Strategy & Leadership

A Scalable Way to Manage Your Field Service Tech Workforce: Onsite Freelancer Platforms

Traditionally, there have been only a small handful of ways for growing a service organization’s field technician coverage — namely, recruiting, hiring and training in-house. The situation becomes even more complicated when the organization has to factor in critical components such as geographic placement, skill sets, certifications, technician availability, cost and management.

Over the years, the complexity of dealing with a need for more field technicians has not diminished, but an historically untapped source of field technicians reduces those challenges: outsourced, onsite freelancers.

Years ago field service organizations hired and trained field technicians; they designed, developed and rolled out a field service management solution; they ran the solution off the company’s mainframe or client-server; and they managed everything in-house. Today, the market is increasingly leaning toward cloud-based service lifecycle management solutions that are managed by a third-party solution provider

So, why can’t you acquire, grow, manage and schedule your workforce in the same way? The short answer is that you can with firms that can help your organization find, vet, train, place and manage field service technicians anywhere in the country — and, increasingly, anywhere in the world.

Diego Lomanto, vice president of marketing for Work Market, a platform and marketplace to find and manage freelance labor, says service organizations increasingly need to find, verify, engage, manage and pay service technicians in the field. Strategies For Growth’s 2013-14 Field Service Management Benchmark Survey supports the trend.

“Why should a services organization, with cyclical demand and, at times, finding itself deluged with service opportunities it cannot keep pace with, feel required to recreate the wheel on a recurring basis, when we’ve already built an accessible portfolio of highly skilled, fully-vetted field technicians, ready to perform, and readily available to supplement their full time workforce?” Lomanto asks. “Why not, instead, benefit from the use of on-demand freelancers to leverage the efficiencies of a variable workforce? It’s not a replacement for the organization’s full time staff but, rather a key component of an overall talent acquisition strategy that may still include W-2 full-time staff.”

Strategies for Growth’s research also reveals that 14 percent of field services organizations currently outsource some, or all, of their activities to a third-party partner or vendor, while another 14 percent plan to do so by the end of 2014. That’s a virtual doubling of usage by the field services sector in just one year!

Independent research commissioned by Work Market reports an increasing usage of onsite freelancers in 2013 among organizations that have been users in the past. Nearly two-thirds plan to increase their use of onsite freelancers during 2014, mainly to fulfill their need to scale the business during periods of anticipated growth. This statistic relates to all industry segments, not only field service.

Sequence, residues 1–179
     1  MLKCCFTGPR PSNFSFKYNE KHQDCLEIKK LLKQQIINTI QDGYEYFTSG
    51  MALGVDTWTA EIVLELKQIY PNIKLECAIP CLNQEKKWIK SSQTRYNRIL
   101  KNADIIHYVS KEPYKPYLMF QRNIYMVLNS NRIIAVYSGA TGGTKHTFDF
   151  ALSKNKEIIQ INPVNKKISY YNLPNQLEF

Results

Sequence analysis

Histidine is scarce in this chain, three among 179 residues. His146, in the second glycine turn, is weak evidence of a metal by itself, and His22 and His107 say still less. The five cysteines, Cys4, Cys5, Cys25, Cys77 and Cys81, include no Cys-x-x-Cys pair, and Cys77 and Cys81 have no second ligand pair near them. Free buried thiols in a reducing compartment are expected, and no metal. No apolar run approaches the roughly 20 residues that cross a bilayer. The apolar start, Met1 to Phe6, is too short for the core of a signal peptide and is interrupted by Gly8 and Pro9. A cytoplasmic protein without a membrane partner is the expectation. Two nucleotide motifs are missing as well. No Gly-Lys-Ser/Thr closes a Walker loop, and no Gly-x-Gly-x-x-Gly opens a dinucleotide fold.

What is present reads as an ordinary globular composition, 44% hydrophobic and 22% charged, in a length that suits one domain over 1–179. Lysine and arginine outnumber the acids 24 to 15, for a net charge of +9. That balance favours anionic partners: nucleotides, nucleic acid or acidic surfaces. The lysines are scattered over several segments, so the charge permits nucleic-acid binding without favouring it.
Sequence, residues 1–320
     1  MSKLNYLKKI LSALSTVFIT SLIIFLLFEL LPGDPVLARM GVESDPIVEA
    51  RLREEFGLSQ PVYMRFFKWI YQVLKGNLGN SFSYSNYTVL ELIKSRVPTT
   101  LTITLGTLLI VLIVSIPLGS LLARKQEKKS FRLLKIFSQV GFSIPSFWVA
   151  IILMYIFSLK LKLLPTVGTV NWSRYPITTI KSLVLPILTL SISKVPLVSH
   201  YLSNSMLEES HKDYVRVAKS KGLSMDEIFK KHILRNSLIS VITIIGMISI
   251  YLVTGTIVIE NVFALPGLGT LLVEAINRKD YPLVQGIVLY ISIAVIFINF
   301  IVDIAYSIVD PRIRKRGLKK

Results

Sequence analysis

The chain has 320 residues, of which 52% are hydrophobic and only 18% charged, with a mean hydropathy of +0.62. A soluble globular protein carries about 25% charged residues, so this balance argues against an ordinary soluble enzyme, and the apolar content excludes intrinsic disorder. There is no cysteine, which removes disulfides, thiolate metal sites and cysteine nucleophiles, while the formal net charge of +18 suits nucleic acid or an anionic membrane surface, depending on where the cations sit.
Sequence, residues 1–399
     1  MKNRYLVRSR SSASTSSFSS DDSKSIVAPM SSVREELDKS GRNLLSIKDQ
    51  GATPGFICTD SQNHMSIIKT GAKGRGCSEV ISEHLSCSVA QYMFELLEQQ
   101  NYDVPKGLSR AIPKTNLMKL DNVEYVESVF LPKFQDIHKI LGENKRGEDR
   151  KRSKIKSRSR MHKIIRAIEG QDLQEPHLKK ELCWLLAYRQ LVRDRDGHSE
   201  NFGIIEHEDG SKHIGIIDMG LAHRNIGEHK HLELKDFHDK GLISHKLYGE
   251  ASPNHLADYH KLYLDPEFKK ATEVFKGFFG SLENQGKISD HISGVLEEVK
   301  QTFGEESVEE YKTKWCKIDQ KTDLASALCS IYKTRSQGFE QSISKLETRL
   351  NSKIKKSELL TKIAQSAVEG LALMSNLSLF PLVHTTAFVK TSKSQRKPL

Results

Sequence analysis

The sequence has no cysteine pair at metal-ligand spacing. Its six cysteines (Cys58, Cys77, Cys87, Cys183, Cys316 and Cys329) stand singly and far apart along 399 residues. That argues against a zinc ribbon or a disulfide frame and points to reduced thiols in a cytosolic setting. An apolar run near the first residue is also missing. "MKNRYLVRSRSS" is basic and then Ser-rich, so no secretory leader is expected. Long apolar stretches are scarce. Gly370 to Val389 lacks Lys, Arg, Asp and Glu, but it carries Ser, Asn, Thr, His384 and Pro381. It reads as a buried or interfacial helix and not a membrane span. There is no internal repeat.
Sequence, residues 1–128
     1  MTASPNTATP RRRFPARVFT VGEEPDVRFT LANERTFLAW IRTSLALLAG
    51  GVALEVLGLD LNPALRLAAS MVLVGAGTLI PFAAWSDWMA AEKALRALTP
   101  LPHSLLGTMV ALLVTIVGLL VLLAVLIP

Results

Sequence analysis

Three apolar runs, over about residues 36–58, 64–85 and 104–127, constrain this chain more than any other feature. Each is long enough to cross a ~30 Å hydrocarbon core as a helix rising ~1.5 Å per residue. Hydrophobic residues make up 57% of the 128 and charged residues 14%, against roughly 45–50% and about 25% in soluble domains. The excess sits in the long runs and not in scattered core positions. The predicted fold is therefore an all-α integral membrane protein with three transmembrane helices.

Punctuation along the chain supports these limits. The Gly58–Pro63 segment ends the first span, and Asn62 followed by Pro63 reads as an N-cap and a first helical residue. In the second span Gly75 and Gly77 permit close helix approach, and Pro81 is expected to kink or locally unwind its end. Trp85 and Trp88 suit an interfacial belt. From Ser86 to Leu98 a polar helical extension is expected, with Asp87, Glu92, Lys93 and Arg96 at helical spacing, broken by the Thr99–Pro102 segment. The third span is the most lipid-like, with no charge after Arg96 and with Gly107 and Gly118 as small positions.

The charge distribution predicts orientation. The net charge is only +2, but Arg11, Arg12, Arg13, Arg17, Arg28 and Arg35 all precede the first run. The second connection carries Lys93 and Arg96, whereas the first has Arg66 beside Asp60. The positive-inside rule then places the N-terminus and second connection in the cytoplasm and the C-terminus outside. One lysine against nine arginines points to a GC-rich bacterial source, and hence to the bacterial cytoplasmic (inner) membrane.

This trend toward outsourced labor is matched on the worker side, as well. A report by MBO Partners finds that the number of independent workers in the United States is expected to grow from 17.7 million in 2013 to 24.0 million by 2018. Many of these new workers will likely be contractors looking for new, and more flexible, ways in which to find employment.

All told, 93 percent of current users plan to continue using onsite freelancers in 2014 as reported in the MBO study. Among those businesses that do not plan to continue using freelancers in 2014, the primary reason cited is related to their already having fulfilled their needs for temporary or extended scalability. As a result, they no longer find themselves in the freelance market (that is, at least for now).

According to Lomanto, the primary reasons for relying on companies like Work Market to gain access to a pre-qualified source of onsite freelancers, especially in the field service industry, include:

  • Availability: The ability to scale up quickly and without the hassle of new hire screening, on-boarding or training;
  • Rating transparency: The comfort of knowing that each freelance technician will have already been rated by users on the basis of their on-the-job performance;
  • Consistency: The knowledge that you will receive the same high levels of quality in terms of freelancer professionalism, training and, if necessary, certification; and
  • Manageability: The ability to hand over virtually all of the HR-related paperwork to a third party that does everything for you from recruitment and vetting, to payroll, paperwork and more.

There are many other factors that Lomanto suggests may also come into play for services organization, but they do not necessary need to focus exclusively on field technicians. They can involve providing support for all aspects of the services business, both in the field, as well as in the home or regional offices.

The days of computing, staffing and scaling everything internally are over due to, in large part, the proliferation of cloud-based business and service management solutions. Outsourcing portions (or all) of your field technician workforce is not a “new” thing; however, for many services organizations, it may be the “smart” thing — as in immediately scalable, cost-effective, and just a good way of doing business.

To download a complimentary whitepaper on “Finding & Managing Onsite Freelancers” for businesses and field service organizations, please visit the Work Market website at Work Market Guide to Finding & Managing Onsite Freelancers.

 

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